I’ve heard it said that anxiety, that free-floating sense of impending doom, a dread of something indefinable just waiting to happen that attaches itself to a new object of fear as soon as the last dreaded event doesn’t happen – that anxiety is the defining characteristic of the 21st century. Globally, it’s what we do best. And each tsunami of fear that attaches itself to a new object threatens to paralyse us. Of course, way back when, it used to be the long impasse of the Cold War. The threat of nuclear annihilation. Then the threat of Islamic jihadists. The threat of global warming. The spectre of cities without adequate sources of water. Oil’s running out. Electricity prices up 40% next year, folks. Global recession, the share market diving through the floor. And each new object for our global panic attack is megalithic. Each new threat is on a global scale, this one’s going to bring the whole house of cards crashing down, for sure. I haven’t seen a similar survey done in Australia, but a study done in America earlier this year found 80% of adults were worried about how the global economy was going to affect their ability to provide for their family’s basic needs. Sixty percent said they were feeling angry and irritable. Over fifty percent said they were lying awake at night worrying.
I heard the other day an economist pointing out that the current financial and economic crisis – the slide into recession that there doesn’t seem to be any concrete reason for but we are powerless to prevent – that essentially what we are experiencing is a crisis of faith. At its centre, he said, the global financial meltdown is happening because financial institutions no longer trust each other to extend credit. This word, credit, comes from the Latin word, credere – it means to believe or to trust. When you think about it, that’s the basis for a credit card or any other sort of credit transaction – a relationship of trust between the borrower and the lender. It’s a transaction of faith – another Latin word that’s related to all this is credo – I believe – which of course is the first word of the Apostles’ Creed. The scary thing is that the current worldwide financial meltdown is precipitated and fed by what we believe – about each other, about the future, about the world we live in. So far, all the thousands of billions of dollars that the governments of the world have poured down the plughole haven’t changed that, in fact, the “spend your way out of trouble” approach doesn’t even start to address the crisis of faith that lies at the heart of our present troubles.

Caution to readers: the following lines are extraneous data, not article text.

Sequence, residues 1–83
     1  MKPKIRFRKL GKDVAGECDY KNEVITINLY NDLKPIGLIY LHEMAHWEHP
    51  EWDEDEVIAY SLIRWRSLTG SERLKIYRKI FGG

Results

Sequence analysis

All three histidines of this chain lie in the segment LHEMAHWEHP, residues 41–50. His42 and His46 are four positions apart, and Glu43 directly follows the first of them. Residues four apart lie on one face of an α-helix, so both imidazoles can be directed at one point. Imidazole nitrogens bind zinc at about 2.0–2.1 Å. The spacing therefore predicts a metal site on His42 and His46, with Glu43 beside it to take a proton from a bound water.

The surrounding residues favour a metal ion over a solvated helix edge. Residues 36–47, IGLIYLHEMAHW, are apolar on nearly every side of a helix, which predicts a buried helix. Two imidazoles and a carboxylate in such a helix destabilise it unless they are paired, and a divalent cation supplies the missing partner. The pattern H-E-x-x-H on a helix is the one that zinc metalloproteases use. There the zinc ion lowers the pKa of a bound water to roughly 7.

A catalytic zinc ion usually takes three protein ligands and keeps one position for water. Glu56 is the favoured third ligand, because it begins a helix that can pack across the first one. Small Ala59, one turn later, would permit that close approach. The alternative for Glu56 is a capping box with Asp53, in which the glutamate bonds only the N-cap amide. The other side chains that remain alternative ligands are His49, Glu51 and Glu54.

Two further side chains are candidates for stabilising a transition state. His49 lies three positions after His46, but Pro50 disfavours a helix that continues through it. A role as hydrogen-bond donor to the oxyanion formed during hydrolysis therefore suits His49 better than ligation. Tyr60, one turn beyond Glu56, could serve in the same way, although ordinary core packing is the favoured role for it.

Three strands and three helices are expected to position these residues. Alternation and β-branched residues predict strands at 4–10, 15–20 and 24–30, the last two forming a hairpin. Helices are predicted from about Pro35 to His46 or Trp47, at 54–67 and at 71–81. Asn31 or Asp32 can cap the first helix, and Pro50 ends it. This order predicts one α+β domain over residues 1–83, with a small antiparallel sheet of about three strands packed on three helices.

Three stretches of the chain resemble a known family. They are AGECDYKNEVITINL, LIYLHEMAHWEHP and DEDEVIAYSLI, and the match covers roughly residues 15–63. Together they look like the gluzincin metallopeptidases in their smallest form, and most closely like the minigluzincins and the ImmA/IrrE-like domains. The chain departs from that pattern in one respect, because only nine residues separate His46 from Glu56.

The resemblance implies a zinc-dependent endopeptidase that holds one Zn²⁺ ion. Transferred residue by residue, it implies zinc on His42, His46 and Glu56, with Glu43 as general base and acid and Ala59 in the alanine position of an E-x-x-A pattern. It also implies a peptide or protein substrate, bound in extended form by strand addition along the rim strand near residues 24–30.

A financial crisis that’s actually about trust. A global epidemic of anxiety that’s actually, deep down, about what we believe in. An environmental crisis that’s actually about learning to see creation not as a commodity but as an infinitely extended network of relationships. Is there solid ground underneath our feet, or is it all a mirage? Are these just matters for politicians and diplomats, for bankers and climate change scientists? Are they just problems for the secular world to solve or do they represent an underlying crisis of faith that dares us, as Christians, to offer a word of hope? Is it Caesar’s coin, or God’s?